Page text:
Tuesday, July 22, 2014

22 Fantastic Peruvian Fruits

Updated 27 October 2017

Peru has a variety of exotic fruits, some are super foods boasting many vitamins and nutrients, others have been said to cure diseases and ailments, like cancer. While you may not have heard of many of them, you've got to try them when you're in Peru. The 3 distinct climates: costa (the coast), selva (the rain forest), sierra (the mountains) and the weather make for affordable, mouth-watering fresh fruit.

Many of the fruits below are said to help prevent cancer since they often contain vitamins and are high in antioxidants. While this may be true, remember that the same can be said about other fresh fruits and vegetables. There is no magic cure-all. Consult your caregiver if necessary.
Aceitunas peruvian olives
From menuperu.elcomercio.pr

Originally from Spain, they were first planted in Parque El Olivar in San Isidro. Olives are often used to decorate Peruvian dishes like Causa, or added to meat in Papa Rellena. You can buy olives practically anywhere, from big grocery stores to little mom and pop places. Some olives are stuffed with peppers while others are simply plain.

From moblog.whmsoft.net
Known as the curvy fruit since it's supposed to help women get an hourglass figure, this fig-sized fruit grows on the Moriche Palm tree. The aguaje has many health benefits, such as being a rich source of Vitamin A (5 times as much as carrots!), Vitamin C, Vitamin E, and having phytoestrogens, and being high in antioxidants and electrolytes. However, it doesn't have a strong flavor; some people say it tastes a bit like a carrot. Some people sprinkle a bit of salt on it when they eat it.

Aguaymanto / Physalis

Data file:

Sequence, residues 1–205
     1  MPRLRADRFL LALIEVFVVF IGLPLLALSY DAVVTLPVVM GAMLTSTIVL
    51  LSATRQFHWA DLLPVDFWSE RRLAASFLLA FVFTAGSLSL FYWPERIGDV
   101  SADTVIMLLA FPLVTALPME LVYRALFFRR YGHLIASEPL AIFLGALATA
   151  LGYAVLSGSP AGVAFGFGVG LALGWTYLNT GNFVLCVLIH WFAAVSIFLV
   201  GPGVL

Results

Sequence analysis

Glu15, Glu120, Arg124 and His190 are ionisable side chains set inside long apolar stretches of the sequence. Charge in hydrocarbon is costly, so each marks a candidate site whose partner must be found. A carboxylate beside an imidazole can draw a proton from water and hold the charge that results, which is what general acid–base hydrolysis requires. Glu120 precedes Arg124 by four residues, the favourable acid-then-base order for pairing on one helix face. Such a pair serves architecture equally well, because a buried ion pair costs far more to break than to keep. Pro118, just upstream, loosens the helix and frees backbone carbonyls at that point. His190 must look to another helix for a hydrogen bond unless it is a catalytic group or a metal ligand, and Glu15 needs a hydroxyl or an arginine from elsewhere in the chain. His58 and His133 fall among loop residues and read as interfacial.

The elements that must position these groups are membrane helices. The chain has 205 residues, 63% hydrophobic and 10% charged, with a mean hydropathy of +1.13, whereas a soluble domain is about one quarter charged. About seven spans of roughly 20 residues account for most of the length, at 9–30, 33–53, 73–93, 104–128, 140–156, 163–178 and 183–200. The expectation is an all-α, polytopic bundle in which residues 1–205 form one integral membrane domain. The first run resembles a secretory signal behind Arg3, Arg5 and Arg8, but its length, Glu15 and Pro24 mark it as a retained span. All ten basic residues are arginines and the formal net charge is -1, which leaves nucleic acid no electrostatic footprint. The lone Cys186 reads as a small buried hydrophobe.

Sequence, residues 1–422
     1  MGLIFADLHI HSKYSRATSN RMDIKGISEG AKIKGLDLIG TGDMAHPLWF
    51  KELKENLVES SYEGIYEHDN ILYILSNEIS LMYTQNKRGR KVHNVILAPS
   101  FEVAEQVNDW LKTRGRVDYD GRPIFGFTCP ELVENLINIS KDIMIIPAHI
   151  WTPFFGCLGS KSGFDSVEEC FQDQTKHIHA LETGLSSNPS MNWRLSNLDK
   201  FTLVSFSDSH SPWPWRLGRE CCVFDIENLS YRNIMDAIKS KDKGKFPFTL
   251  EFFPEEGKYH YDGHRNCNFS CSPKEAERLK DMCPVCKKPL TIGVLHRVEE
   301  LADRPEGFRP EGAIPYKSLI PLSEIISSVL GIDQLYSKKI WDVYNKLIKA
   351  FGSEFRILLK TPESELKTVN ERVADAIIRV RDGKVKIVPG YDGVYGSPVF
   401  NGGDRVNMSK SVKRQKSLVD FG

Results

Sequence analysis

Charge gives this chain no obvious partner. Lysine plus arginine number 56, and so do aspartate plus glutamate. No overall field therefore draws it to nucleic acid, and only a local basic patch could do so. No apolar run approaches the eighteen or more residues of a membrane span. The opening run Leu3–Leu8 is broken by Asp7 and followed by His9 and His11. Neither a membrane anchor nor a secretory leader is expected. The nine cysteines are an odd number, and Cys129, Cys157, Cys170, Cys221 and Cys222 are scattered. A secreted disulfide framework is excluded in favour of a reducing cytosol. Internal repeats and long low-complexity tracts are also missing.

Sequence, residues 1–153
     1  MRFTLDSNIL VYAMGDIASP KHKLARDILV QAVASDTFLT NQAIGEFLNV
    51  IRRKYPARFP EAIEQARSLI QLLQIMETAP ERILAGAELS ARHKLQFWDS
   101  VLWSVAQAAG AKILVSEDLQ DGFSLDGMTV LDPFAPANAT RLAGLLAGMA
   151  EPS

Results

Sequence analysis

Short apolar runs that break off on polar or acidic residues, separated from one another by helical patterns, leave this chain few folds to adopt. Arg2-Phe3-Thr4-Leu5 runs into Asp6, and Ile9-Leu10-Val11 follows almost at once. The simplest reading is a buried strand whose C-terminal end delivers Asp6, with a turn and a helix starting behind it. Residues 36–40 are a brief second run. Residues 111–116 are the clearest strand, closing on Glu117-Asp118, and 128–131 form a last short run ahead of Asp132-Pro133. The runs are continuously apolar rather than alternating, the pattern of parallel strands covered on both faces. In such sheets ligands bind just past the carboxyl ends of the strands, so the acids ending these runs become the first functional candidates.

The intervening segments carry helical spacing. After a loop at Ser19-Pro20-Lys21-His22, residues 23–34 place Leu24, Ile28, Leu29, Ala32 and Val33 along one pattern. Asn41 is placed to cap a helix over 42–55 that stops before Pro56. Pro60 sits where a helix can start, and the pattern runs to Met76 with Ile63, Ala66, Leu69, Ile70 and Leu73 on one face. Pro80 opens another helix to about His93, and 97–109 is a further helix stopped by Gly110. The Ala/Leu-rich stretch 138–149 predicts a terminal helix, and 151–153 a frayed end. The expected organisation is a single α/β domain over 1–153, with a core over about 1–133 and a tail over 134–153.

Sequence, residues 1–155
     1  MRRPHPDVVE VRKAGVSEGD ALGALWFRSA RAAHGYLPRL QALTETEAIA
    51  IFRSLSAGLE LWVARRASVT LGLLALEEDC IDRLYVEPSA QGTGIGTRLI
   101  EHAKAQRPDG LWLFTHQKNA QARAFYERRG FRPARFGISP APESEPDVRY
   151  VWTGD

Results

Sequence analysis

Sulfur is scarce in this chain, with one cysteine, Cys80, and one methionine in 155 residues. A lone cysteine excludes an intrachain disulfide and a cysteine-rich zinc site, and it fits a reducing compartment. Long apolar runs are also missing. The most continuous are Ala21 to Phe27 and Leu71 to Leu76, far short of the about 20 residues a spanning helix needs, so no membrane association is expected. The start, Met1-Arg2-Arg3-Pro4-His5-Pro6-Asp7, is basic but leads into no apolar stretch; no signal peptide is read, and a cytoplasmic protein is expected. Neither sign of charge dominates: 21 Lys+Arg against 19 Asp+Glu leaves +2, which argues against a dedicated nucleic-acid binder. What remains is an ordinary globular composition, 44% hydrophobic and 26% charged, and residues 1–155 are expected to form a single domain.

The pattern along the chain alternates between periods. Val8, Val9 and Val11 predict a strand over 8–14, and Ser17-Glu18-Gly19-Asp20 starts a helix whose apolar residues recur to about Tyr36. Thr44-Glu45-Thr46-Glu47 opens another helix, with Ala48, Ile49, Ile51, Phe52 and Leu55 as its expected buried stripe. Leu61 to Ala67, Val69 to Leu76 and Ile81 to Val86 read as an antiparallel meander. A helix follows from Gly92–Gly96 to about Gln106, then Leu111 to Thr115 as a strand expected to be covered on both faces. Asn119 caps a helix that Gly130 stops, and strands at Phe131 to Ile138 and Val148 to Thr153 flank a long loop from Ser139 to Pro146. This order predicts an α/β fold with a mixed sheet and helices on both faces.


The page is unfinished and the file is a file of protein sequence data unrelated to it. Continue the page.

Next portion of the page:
From inkanatural.com
It's known by a variety of names such as Inca berry, Peruvian groundcherry, Pichuberry, and Peruvian cherry. It's similar to a tomatillo and is a small, round yellowish fruit. It's about the size of a cherry and has small seeds. It tastes a bit tarty and is good in pies. 
It's high in vitamins and low in calories. It's been said to help with lung cancer and other diseases.

Camu Camu
Camu Camu
From onlyfoods.net
Known as nature's Vitamin C, this fruit grows on bushes in the Amazon. Some of the phytochemicals it has are amino acids, valine, leucine. It's also famous for being the plant with the highest source of Vitamin C in the world. It's about the size of a grape and they're also called camu camu berries because of their size. It's famous in Japan, but hardly known in the USA. It's got a bit of a zing to it and tastes a bit tarty.

From Frutales Tropicales
Also known as capulin cherries, these fruits are said to help alleviate respiratory problems. They're similar to the common cherries, but usually have darker skin and are very sweet. They grow in subtropical climates, such as Peru. They're also known as black cherries.


From dragondorado57.blogspot.com
A common ice cream flavor in Peru, this fruit is sweet and and you smell it from far away. It's similar to a custard apple. You eat it like you would a passion fruit; peel off the skin. With lots of essential vitamins (such as B-complex), nutrients, antioxidants, and minerals, chirimoya makes for a healthy snack.

From perudelights.com
Similar to the naranjilla, this fruit grows on a shrub with white hairy twigs. It smells a bit like a tomato, but tastes a bit lemony. There are small seeds inside, but you can eat them. Peru has 4 different types of cocona: small purple-red, medium yellow, round yellow, and pear-shaped. The medium one is the most popular. It makes a very delicious juice.

From Wikipedia Commons